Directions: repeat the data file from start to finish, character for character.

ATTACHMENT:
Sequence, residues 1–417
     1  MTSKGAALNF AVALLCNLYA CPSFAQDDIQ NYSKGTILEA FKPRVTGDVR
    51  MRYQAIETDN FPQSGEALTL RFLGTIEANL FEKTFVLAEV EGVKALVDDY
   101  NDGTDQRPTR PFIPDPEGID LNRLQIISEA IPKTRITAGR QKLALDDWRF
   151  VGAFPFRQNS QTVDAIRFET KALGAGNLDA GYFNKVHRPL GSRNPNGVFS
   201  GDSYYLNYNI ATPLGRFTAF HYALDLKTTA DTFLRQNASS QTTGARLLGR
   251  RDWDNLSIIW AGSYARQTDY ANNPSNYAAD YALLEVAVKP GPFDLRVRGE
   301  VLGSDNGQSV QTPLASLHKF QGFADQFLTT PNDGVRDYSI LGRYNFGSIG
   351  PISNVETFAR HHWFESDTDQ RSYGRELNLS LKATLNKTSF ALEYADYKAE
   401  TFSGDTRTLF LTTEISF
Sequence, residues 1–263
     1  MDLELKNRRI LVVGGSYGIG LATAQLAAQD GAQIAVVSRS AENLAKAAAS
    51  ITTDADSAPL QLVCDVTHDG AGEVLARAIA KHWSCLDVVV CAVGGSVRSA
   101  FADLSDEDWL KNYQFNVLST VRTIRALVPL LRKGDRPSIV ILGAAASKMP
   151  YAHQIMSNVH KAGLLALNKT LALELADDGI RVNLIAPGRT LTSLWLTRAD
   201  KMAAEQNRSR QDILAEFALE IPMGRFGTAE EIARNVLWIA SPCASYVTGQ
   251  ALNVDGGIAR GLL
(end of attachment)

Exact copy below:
Sequence, residues 1–417
     1  MTSKGAALNF AVALLCNLYA CPSFAQDDIQ NYSKGTILEA FKPRVTGDVR
    51  MRYQAIETDN FPQSGEALTL RFLGTIEANL FEKTFVLAEV EGVKALVDDY
   101  NDGTDQRPTR PFIPDPEGID LNRLQIISEA IPKTRITAGR QKLALDDWRF
   151  VGAFPFRQNS QTVDAIRFET KALGAGNLDA GYFNKVHRPL GSRNPNGVFS
   201  GDSYYLNYNI ATPLGRFTAF HYALDLKTTA DTFLRQNASS QTTGARLLGR
   251  RDWDNLSIIW AGSYARQTDY ANNPSNYAAD YALLEVAVKP GPFDLRVRGE
   301  VLGSDNGQSV QTPLASLHKF QGFADQFLTT PNDGVRDYSI LGRYNFGSIG
   351  PISNVETFAR HHWFESDTDQ RSYGRELNLS LKATLNKTSF ALEYADYKAE
   401  TFSGDTRTLF LTTEISF
Sequence, residues 1–263
     1  MDLELKNRRI LVVGGSYGIG LATAQLAAQD GAQIAVVSRS AENLAKAAAS
    51  ITTDADSAPL QLVCDVTHDG AGEVLARAIA KHWSCLDVVV CAVGGSVRSA
   101  FADLSDEDWL KNYQFNVLST VRTIRALVPL LRKGDRPSIV ILGAAASKMP
   151  YAHQIMSNVH KAGLLALNKT LALELADDGI RVNLIAPGRT LTSLWLTRAD
   201  KMAAEQNRSR QDILAEFALE IPMGRFGTAE EIARNVLWIA SPCASYVTGQ
   251  ALNVDGGIAR GLL